It many not come across in the positive, happy-go-lucky demeanor I project here, but I can be a moody and vengeful bastard. For instance, way back in January, I suggested that Kraven was kind of a lame super-villain. Someone out there on the Web, running one of these newfangled “blogs” you’ve no doubt heard about, tore me a new one on this point, saying that it was just proof that I didn’t understand the whole je ne sais quoi of Spider-Man, that I was trashing something that I knew nothing about, blah blah blah. (Alas, I didn’t save the link for later brooding purposes.)
Well, Mr. Internet Blogger Know-It-All, I’m straining my already overtaxed bandwidth allowance to present here proof positive that Spider-Man, the newspaper comic, is lame, and that Spider-Man, the character, is dumber than a sack of hammers.
For those of you not following along at home, Peter Parker has finally, after much wheedling, managed to extract some HEALTH INSURANCE out of his skinflint, Hitler-lookalike boss. Unfortunately, our hero now must submit himself to the indignity of a physical, and he’s afraid his arachnoid physique will be revealed.
In the first two strips above, he’s busy dwelling on all this when, in one of the most blatant instances of strip-padding I’ve seen in all my years of comics-reading, a conflict is introduced (via a Truman-era intercom system) only to be resolved, with no action on the part of any of the on-stage characters, the next day. I can’t even begin to describe how deeply unsatisfying this is from a narrative and dramatic perspective. Imagine if Shakespeare had used this technique:
Now, Hamlet, hear:
‘Tis given out that, sleeping in my orchard,
A serpent stung me; so the whole ear of Denmark
Is by a forged process of my death
Rankly abused: but know, thou noble youth,
The serpent that did sting thy father’s life
Now wears his crown.
O proud death,
What feast is toward in thine eternal cell,
That thou so many princes at a shot
So bloodily hast struck?
Except for Hamlet, who wasn’t killed
Someone else offed Claudius instead.
Saved by the bell!
Peter Parker, meanwhile, proves that he has the proportionate IQ of a spider: not only did he forget to remove his “spider threads” before the inevitable “customary” medical exam semi-nudity, but he’s chosen to reveal said threads to provide a visual counterpart to his cretinous internal monologue. Sorry, Spidey, but for this desperately retarded move, you deserve a few days locked in a cage in some sort of clean room down at CIA headquarters. Good luck with that.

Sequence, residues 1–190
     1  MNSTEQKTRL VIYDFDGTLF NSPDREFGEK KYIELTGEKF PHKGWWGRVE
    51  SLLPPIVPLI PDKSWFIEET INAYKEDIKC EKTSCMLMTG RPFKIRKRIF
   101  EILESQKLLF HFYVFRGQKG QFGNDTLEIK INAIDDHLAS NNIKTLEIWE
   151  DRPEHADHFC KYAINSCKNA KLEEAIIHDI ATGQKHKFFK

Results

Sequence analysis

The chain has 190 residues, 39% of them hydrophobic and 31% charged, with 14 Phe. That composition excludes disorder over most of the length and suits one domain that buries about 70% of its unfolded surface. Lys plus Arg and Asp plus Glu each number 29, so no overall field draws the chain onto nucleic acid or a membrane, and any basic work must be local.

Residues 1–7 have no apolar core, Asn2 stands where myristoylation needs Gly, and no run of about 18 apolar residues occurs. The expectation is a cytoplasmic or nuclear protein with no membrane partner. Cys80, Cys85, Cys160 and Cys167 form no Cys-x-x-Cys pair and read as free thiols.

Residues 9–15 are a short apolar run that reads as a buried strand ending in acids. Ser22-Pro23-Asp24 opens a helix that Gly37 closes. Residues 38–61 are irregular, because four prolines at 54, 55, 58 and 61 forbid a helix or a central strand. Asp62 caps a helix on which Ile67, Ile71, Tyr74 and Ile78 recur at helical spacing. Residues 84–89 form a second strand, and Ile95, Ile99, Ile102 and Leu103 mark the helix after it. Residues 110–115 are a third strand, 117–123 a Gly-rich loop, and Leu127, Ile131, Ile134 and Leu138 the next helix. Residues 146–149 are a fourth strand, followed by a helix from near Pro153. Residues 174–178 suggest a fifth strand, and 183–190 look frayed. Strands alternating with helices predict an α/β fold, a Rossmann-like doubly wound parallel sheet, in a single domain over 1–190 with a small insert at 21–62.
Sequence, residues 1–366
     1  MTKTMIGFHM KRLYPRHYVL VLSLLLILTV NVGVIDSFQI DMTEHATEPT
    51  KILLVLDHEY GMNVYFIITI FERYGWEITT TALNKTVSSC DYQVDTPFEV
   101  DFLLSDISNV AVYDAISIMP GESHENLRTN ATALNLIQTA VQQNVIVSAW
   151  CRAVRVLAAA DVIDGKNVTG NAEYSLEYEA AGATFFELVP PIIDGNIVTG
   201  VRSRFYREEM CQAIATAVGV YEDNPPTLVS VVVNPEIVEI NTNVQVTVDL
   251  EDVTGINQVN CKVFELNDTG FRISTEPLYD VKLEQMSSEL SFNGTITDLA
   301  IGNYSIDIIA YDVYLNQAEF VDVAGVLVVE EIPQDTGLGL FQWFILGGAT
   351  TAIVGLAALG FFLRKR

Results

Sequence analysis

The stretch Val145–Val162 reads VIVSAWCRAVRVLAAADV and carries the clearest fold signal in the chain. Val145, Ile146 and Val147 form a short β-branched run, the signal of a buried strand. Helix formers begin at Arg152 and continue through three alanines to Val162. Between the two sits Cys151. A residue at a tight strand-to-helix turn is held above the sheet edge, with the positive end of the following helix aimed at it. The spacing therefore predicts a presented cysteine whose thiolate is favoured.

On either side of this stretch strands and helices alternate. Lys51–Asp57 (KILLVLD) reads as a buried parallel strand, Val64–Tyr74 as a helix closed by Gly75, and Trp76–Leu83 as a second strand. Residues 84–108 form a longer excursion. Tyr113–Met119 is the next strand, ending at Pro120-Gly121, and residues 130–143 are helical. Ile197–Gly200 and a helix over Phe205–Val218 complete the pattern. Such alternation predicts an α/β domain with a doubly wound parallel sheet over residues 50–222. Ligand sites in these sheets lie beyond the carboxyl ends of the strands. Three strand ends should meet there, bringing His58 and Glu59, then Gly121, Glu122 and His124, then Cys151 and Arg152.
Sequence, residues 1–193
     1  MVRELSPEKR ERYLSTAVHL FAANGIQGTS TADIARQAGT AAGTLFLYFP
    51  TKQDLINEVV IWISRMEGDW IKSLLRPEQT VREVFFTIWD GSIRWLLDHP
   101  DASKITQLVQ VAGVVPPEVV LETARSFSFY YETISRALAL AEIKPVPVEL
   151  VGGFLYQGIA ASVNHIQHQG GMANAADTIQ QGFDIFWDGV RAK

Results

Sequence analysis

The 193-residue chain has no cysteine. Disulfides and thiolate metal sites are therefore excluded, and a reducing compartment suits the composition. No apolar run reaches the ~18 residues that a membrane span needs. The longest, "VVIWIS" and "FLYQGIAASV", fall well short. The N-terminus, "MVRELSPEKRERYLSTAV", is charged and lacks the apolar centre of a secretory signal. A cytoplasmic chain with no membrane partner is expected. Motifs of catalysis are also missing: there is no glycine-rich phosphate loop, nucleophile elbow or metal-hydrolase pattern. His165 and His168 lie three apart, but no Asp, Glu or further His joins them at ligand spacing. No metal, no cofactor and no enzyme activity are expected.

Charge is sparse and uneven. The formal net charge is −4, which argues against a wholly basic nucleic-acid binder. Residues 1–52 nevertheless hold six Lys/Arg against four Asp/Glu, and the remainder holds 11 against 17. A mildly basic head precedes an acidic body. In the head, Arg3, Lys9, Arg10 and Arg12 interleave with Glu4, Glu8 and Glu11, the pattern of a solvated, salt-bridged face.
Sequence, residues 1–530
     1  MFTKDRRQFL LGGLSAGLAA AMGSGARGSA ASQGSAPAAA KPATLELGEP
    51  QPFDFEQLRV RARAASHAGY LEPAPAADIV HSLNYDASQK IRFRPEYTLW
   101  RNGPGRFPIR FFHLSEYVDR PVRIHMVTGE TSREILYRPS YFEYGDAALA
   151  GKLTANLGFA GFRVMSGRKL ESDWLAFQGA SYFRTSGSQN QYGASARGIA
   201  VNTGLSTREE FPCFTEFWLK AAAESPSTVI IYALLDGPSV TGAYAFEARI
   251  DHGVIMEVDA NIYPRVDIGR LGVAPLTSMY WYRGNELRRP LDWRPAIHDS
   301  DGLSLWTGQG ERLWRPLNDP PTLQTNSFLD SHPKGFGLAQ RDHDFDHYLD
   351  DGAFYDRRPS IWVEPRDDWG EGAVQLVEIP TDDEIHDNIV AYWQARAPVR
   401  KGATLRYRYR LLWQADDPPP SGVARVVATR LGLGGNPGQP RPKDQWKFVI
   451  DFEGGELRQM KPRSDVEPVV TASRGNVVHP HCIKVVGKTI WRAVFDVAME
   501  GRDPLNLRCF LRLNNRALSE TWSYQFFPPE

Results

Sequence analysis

Anyway, to sum up: Spider-Man is dumb. But does Sunday’s Olivia Newton-John-derived teaser make up for it all? Not quite. But almost.
(Apropos of nothing, a few months ago the future Mrs. C. and I were cooling off in a wading pool at Paramount’s Great America when we saw someone walk by with a giant inflatable chunk of Spider-Man merchandising. She pointed out that it’s pretty hilarious to pronounce “Spider-Man” like it’s a Jewish last name, with the last syllable de-emphasized. As in, “Oy, why do we have to have Passover at the Spidermans every year? There’s always this weird webbing stuff in the haroset.”)
Meanwhile, proving that Peter Parker is not in fact the dumbest character in the comics, let’s take a moment to enjoy Scott Gaines’ little oops-I-proposed-by-accident temper tantrum.
Because if you think she’s going to be turned off by a blurted-out proposal, wait until she gets a load of the post-blurted-out-proposal hissy fit.